Like reading a fairy tale allows young children to face their fears reading and discussing this book gives young adults a chance to talk about some pretty serious issues that come up around middle school.

Little kids are blissfully unaware of the differences between each other. Introduce a toddler to another toddler in a wheelchair and they may not even notice and if they do notice they are just as likely to be envious of the other kid's chair with wheels as anything else. As an example when my daughter was 3 she had a summertime friend who was deaf and my daughter never even noticed. But around middle school kids become self-aware.  Some pre-teens crave being just like everyone else and being different becomes a curse worse than anything. As adults we all lived through it. As a gross generalization I will say almost all of us have scars from surviving it.

So reading this book with my daughter gave us the opportunity to discuss several pre-teen relevant what ifs. What do I do if I'm in a situation with a person near me with a visible facial difference? Would I be able to not be afraid to be that person's friend? How would I handle it if there was somebody who seemed nice but turned out to really be mean?


Again, it is a good book definitely worth reading. It was on my radar because I'm currently raising money for the CCA on the road to Ironman Lake Placid. But it's a great book for every child to read.

The photo of the book above is my copy which I'll keep to read with my son when he's a little older. I plan to buy 4 more copies for my kiddos teachers (they each have 2 teachers) to have and to read if they haven't already.

My request from you - my readers:
Have you read Wonder? If you have I ask you to tell somebody else about it. Spread the word. If you haven't I ask you to read it. Check it out from your library or buy yourself a copy. Extra credit: check your children's school library. Is it there? If not ask them to get a copy or donate a copy to the school library. 

Training update:
Training this week went on schedule. 10 hours of training including 3 swims and a long bike of 54 miles. There are 145 days until Ironman Lake Placid. WOOT-WOOT!






Monday, February 23, 2015

Mom first ... triathlete and writer next

Sometimes being a mom comes before updating the blog.

Okay, well all the time being a mom comes first it's just that sometimes there isn't time for both.

That was definitely the case this past week.

My daughter does gymnastics. She has since she was about 4 or 5. Honestly though she's not perfectly suited physically for being a gymnast. She's 11 and already 5 feet tall.
guess which one is mine ... yes the one who looks like me except she's tall where I'm not.

She has always loved gymnastics and while she wasn't the best on her team she was on the team and that was what was important to her. One of the proudest days of her life was getting her first "team" leotard. There is, to be honest, some serious playground "street cred" that goes with being able to do a good cartwheel in kindergarten and first grade. While I scoff at the idea of being a cheerleader ... it is her dream in middle school and I will no matter what encourage her to chase her dreams.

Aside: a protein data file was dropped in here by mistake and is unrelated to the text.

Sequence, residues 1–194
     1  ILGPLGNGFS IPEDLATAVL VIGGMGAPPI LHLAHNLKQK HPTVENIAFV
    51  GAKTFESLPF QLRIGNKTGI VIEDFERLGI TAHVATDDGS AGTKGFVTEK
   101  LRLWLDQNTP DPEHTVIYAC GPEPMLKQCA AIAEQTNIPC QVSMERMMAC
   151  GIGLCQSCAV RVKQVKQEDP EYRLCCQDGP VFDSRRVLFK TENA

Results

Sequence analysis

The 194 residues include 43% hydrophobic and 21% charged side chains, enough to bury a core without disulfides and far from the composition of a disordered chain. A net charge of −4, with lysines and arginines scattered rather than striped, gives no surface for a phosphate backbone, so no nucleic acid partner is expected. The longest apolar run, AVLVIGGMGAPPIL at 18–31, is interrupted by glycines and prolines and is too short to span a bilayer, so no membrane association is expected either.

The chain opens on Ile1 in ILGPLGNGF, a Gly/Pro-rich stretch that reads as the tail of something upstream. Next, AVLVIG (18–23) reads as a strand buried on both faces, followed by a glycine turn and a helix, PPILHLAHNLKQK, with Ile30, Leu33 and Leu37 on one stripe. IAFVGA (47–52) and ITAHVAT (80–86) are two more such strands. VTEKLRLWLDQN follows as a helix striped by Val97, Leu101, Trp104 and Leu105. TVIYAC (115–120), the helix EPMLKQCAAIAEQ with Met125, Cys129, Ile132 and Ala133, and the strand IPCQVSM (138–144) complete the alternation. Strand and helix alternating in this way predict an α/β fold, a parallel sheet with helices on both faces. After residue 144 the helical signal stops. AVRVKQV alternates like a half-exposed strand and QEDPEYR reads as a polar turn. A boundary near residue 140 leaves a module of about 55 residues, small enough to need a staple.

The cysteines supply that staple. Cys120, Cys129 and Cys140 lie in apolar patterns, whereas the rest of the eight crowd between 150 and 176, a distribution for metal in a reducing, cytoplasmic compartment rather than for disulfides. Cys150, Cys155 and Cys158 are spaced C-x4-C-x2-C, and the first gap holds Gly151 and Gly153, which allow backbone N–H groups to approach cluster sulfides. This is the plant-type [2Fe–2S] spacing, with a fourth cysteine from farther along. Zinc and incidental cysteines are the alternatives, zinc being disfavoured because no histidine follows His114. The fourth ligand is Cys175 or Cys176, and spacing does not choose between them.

Her closest girlfriends are on the team. The friends with whom she shares her secrets and feels free to share her creative side freely. These are great girls that she's known a long time and she spends 2.5 hours a day with them which honestly during the week is more than I see her.
When you're legs are long you have more work to do to get up high in the jump and bring all those long parts back in line in time before you land.

Her competition schedule started in January. It didn't go well at all. She scored much lower than she was expecting and it was very dramatic and not much fun for anybody. I was at the competition with her grandmother and grandfather. My husband and son were at a cub scout campout.

My m-i-l was beyond agitated she wanted to "write a letter" to the judges, she told my daughter that the judges were "jerks" and she really pushed me to make my daughter quit the sport. She called me almost every day and that resulted in me dodging her calls.

My father-in-law who is less dramatic than his wife did have some advice that I thought was spot on. He observed that she (my daughter, not his wife) wouldn't know how to quit gymnastics by herself even if she wanted to because she has been doing it as a sport since she was so young. I think he's correct there. As adults we know that sometimes when you do something for a long time it becomes ingrained with how you see yourself and even value yourself. Deciding that it's time for a change can be very difficult. 

My daughter is both my oldest child and my middle child. That's because I have two adult step-children. My husband's first children are both in their 20's. It's only relevant because I know intellectually that what my daughter is going through to some extent all children go through. I'm not unique. My step-son dreamed of playing for the NY Yankees.  I remember when he asked us, "why doesn't everybody play for the Yankees?" I also remember that his final season of baseball was really tough for him because he wasn't good enough. But back to my story of parental angst from these past weeks.